Otto in Autumn

Olive Films continues to mine the neglected Paramount library with a pair of late, difficult films by Otto Preminger: the 1967 “Hurry Sundown,” the last and least successful of Preminger’s series of elegantly distanced renditions of overheated, overlong bestsellers, and the provocatively unpleasant uncomedy “Such Good Friends” from 1972, with its pseudonymous script by Elaine May and some of the most hideous interior decoration imaginable. The missing link between these two flawed but fascinating films is Preminger’s 1968 excursion into psychedelia, “Skidoo,” which Olive will be releasing in a new widescreen transfer later this spring). Reviews here in the New York Times.

Lots of good linkage to report, beginning with the new on-line issue of “Movie” , which features the first part of a dossier on Fritz Lang and a tribute to Robin Wood that includes his 1962 close reading of Preminger’s “Advise and Consent.” The highlight, though, may be Mark Rappaport’s insightful comparison of Vincente Minnelli’s “Madame Bovary” with the vaguely related novel of the same name by one Gustave Flaubert.

David Pierce of the Media History Digital Alliance has added some 20,000 more pages of “Film Daily” to his already overflowing site at the Internet Archive. Individual volumes are available as downloadable PDF files, and they make for compelling browsing.

And while you’re perusing those PDFs you’ll want some period-appropriate musical accompaniment from the Library of Congress’s just-launched, and quite amazing, “National Jukebox” site. Included are over 10,000 recordings from the Victor label (now owned by Sony Music) from 1901 to 1925, all carefully cross-indexed and accessible at no charge (at least until the Republicans hear about it).

154 comments to Otto in Autumn

  • Johan Andreasson

    Hannu, I know I’ve read a discussion of DR STRANGELOVE versus FAIL-SAFE either here or on some other movie blog, and it’s a complicated case. Here’s Wikipedia’s version:

    “During the filming of Dr. Strangelove, Stanley Kubrick learned that Fail-Safe, a film with a similar theme, was being produced. Although Fail-Safe was to be an ultra-realistic thriller, Kubrick feared that its plot resemblance would damage his film’s box office potential, especially if it were released first. Indeed, the novel Fail-Safe (on which the film of the same name is based) is so similar to Red Alert that Peter George sued on charges of plagiarism and settled out of court. What worried Kubrick most was that Fail-Safe boasted acclaimed director Sidney Lumet and first-rate dramatic actors Henry Fonda as the American President and Walter Matthau as the advisor to the Pentagon, Professor Groeteschele. Kubrick decided to throw a legal wrench into Fail-Safe’s production gears. Lumet recalled in the documentary, Inside the Making of Dr. Strangelove: “We started casting. Fonda was already set… which of course meant a big commitment in terms of money. I was set, Walter [Bernstein, the screenwriter] was set… And suddenly, this lawsuit arrived, filed by Stanley Kubrick and Columbia Pictures.”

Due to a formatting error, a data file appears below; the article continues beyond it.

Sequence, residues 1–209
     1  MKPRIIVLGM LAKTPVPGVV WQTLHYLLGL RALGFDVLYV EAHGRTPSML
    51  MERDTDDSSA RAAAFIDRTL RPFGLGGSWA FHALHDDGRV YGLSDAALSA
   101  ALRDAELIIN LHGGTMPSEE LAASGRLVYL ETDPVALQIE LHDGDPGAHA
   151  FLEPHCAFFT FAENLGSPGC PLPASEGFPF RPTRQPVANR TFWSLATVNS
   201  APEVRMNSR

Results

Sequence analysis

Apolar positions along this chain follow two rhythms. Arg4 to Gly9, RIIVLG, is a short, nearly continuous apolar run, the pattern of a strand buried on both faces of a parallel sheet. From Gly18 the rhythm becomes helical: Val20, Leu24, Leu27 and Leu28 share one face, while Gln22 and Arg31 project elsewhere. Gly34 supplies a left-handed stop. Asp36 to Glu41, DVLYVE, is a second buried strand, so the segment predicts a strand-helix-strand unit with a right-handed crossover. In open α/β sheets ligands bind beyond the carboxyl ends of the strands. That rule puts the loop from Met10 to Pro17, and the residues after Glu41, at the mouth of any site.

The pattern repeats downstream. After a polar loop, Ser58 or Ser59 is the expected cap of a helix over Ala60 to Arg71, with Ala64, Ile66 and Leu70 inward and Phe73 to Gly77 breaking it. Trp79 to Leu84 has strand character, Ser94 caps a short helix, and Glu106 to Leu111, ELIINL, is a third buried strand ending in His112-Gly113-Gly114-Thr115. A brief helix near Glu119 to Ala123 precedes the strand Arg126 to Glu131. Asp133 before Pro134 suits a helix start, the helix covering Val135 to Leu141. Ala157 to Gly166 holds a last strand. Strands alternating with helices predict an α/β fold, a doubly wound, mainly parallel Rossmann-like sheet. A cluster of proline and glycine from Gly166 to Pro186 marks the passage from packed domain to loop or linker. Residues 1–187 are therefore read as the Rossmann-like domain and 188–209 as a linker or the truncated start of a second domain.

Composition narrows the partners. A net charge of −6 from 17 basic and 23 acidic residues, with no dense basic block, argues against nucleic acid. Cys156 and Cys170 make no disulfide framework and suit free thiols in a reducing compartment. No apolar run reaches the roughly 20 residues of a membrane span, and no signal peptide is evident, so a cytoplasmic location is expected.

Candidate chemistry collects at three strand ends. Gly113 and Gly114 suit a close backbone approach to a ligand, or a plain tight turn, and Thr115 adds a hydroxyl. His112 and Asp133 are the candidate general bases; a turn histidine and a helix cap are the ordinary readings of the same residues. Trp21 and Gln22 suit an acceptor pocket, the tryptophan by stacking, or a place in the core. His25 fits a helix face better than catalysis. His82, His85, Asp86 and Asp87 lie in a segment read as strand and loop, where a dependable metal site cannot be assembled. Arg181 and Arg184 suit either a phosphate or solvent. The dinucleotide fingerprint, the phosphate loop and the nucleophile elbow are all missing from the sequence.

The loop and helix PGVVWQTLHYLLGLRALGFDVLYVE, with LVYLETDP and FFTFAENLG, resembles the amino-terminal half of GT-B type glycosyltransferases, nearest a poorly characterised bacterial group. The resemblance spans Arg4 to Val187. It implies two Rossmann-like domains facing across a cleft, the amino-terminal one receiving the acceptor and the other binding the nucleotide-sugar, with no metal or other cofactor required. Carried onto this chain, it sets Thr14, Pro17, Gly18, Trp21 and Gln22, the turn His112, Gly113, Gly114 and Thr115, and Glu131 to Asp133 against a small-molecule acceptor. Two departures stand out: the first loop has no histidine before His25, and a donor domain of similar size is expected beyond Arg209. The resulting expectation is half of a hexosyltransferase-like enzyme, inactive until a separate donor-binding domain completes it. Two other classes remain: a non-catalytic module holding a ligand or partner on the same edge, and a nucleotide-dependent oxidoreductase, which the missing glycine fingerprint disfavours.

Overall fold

Kubrick argued that Fail Safe’s own 1960 source novel of the same name had been plagiarized from Peter George’s Red Alert, to which Kubrick owned creative rights, and pointed out unmistakable similarities in intentions between the characters Groeteschele and Strangelove. The plan worked, and Fail-Safe opened eight months behind Dr. Strangelove, to critical acclaim but mediocre ticket sales.”

    The odd thing about this account is that FAIL-SAFE is also a Columbia picture, so did Columbia sue themselves?

  • Alex

    “FAIL SAFE and STRANGELOVE came out the same year, so perhaps there was just something in the air at that time”

    STRANGELOVE came out about 15 months after the Cuban Missile crisis, FAIL SAFE a little over 2 years after that traumatic episode.

    On the interesting discussion of “cinephiles vs.academics,” one basic distinction between the two groups that Bordwell loosely intensifies would seem to be the one that Dave K. brought up when he raises about the same issue a couple of years ago viewing vs. reading. The “cinephiles” see more movies and the “academics” read more film books. Indeed, I’d say from personal experience that it’s easy for an academic films scholar to beg off on not having seen bunches of movies on no less grounds than he’s too busy, but imperative that an academic colleague know the relevant literate on particular topic.

  • Griff

    It’s a complicated matter, but at the time of Kubrick’s legal action, FAIL-SAFE was an indie production backed by United Artists; at some point afterwards it was acquired by Columbia. Sidney Lumet discusses this to an extent on the FAIL-SAFE DVD commentary.

  • Thank you very much for clearing this FAIL SAFE/STRANGELOVE thing… It struck me too, that one of the Lumet’s film’s characters was also disabled (walked with crutches) “like” the Seller’s character (which was only more so).